So now is a good time to tell you about what happened a bit and before and after Hurricane Camille. We had been warned of this event a week before it happened and we had placed sheets of plywood on all windows and door ways to protect the house.
We had stored up gallons of water to drink and use in cooking. At that time we did not have a generator to use, because they were hard to find. However, right after the hurricane I managed to buy one to use until the power was restored. Helen had a friend named Janie Read who was also a teacher whose family lived beyond Hattiesburg. She came down and took lots of fish and frozen food off our hands until after the power came back on. We placed the truck and car out in the open so that it would be safe and we needed the space in the garage to store stuff and run the generator with the doorway open. The fishing boats were pulled way up in the yard.
Hurricane Camille hit us on August 17, 1969. Above are some of the pictures taken about 7 or 8 am after the tide surge was going in the yard. There was a 20' surge, or wave, which washed the boat Chevis Regal up in the west side of the yard. On the east side looking out of the kitchen door there were about 20 or 30 of the Standard Oil Company's 50 gallon drums. A lot of them had gas and oil still in them. There was some paper office records also. A 30,000 gallon pontoon washed in from a dredge and tore up the pump house and water pump. The boat Chevis Regal washed up over the trees on Brodie's Island and landed in our yard right over one of my persimmon trees, and that is a No No. After about two weeks we put an ad in the paper asking the owner to claim the boat Chevis Regal. After about three weeks it was claimed by the owner. At that time the owner's wife stated that her husband should never have named the boat after a brand of whiskey, and that is what caused all the trouble, including the hurricane. The winds were clocked at 150 to 220 miles per hour. Water looked like ice cream flying through the air. Helen and Ann came out of their bedroom to look out of the east side of the picture window at 1 or 2 AM and then ran back and jumped in bed. The next day we found a channel three feet deep, from Mr. Chapman's yard on through our yard past the picture window, on around to our pump house and it tore up the pump house and water pump. For a period of two weeks we saw no birds, squirrels, or heard no noises. It was indeed a very quiet experience. Like no other. The house received very little damage The ridge row on the northeast corner of the house had a few tile knocked off, and the house needed a coat of paint because of the sandblasting winds. Otherwise, it was okay. It had been well built back in 1952. A contractor quoted me a price of $400.00 to fix the ridge row. Instead, I found some pieces for $14.00 from a damaged house nearby and fixed it myself. I recall that State Farm Insurance Company had sent me a letter in the mail, cancelling my policy just before the hurricane and included a refund check for $41.00. Believe it or not, this helped pay for some of the paint and damages to the house.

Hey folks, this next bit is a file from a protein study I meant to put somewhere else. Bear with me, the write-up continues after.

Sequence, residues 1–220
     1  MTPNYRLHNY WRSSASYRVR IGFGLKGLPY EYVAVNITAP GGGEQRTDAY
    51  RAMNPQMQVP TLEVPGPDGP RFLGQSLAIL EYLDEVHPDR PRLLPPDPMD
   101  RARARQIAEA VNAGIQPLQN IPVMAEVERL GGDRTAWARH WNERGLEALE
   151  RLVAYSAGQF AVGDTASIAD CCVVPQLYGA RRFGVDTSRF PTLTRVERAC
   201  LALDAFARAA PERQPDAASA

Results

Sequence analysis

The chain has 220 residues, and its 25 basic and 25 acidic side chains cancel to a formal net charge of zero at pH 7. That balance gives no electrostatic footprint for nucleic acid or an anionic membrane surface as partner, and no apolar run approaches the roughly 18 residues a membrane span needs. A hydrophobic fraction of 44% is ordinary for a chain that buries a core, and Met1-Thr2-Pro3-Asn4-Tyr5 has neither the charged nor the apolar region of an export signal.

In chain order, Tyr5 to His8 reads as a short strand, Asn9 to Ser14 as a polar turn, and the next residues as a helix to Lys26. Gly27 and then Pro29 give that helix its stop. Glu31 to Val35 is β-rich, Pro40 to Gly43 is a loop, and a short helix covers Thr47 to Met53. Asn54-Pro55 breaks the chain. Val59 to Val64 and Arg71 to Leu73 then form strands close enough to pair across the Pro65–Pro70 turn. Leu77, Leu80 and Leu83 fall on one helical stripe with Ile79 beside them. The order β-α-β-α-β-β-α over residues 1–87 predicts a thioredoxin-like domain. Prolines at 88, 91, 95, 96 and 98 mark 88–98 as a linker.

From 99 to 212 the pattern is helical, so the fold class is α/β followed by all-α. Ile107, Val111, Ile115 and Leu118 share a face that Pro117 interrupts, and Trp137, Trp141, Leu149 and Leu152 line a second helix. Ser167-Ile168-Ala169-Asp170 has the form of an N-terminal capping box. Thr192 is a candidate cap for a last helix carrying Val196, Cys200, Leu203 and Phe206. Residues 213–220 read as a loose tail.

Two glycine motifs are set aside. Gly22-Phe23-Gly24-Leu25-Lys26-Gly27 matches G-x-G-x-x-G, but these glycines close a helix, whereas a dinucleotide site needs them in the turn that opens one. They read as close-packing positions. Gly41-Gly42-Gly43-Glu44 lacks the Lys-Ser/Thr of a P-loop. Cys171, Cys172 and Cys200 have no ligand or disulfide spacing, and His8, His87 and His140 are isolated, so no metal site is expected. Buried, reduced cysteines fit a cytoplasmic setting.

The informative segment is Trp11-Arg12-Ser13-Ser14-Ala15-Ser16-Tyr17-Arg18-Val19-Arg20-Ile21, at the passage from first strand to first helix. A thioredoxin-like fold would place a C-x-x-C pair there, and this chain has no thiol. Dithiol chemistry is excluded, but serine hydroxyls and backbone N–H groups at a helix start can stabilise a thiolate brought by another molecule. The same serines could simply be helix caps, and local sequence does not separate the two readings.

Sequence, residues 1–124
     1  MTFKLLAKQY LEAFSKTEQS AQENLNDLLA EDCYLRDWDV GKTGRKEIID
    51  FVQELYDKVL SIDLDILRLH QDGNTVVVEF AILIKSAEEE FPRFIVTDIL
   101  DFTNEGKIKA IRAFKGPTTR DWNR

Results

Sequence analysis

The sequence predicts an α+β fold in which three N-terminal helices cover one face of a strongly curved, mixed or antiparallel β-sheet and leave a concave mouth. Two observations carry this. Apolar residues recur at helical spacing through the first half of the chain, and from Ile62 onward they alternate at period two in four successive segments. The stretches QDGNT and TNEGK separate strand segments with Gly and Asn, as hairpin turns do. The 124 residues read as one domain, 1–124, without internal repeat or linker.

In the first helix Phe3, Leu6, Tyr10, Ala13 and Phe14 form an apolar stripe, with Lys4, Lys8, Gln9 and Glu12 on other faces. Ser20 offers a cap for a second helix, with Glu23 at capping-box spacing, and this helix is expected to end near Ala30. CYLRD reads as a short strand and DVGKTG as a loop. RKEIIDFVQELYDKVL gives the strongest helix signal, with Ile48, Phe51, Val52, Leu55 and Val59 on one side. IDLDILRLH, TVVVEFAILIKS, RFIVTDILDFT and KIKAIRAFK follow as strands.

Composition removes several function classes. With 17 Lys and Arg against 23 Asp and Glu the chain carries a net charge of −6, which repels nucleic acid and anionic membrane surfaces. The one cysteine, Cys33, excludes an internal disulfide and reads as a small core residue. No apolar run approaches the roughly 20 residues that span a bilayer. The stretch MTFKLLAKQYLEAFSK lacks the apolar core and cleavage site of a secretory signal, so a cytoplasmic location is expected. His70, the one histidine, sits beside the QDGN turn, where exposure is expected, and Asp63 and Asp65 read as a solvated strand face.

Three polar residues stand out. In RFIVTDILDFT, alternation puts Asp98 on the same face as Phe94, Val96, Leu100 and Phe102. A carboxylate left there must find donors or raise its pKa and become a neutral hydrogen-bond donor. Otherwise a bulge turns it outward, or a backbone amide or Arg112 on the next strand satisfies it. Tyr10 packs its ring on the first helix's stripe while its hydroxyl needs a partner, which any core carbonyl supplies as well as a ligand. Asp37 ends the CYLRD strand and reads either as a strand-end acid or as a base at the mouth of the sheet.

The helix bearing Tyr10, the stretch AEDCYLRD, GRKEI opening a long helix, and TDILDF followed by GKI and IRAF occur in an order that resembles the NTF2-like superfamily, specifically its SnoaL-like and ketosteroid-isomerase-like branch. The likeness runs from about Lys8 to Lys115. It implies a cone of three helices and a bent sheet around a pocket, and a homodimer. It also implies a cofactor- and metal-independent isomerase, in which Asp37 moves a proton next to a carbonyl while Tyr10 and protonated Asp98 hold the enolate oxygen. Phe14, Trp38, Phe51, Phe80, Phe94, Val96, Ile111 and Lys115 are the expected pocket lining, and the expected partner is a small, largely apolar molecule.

Bill came from Los Angeles, CA a few days later. His help was most welcome. The boats had not been damaged, and it was found that fishing was real good, since the hurricane surge had brought many new salt water fish into the bay. We managed to hook up a gas cooking stove, and that kept things going. Ice and fresh water was soon made available by the city and county. We had lots of clay and dirt hauled in to fill the holes where the surge and the pontoon had dug. When the pontoon went through during the surge, it damaged the corner of the brick foundation under the picture window, on the southwest corner, and it sounded just like a railroad train going through. The pontoon did not stop until it had completely damaged the water pump and pump house. We had fresh water from the artesian overflow from the well.
We managed to find the poles and parts of the pier and soon had it back in order. With the help of Mr. Joe Chapman, our neighbor next door, we managed to hook up the overflow from his artesian well and put a partition around it so that most of us could take showers. Other than that, we carried buckets of water from the bay to the bathrooms so we could flush the toilets when necessary. It was a good two to three weeks before the power and phone service was hooked up. You can imagine how welcome it was to have the power and phone service back in use.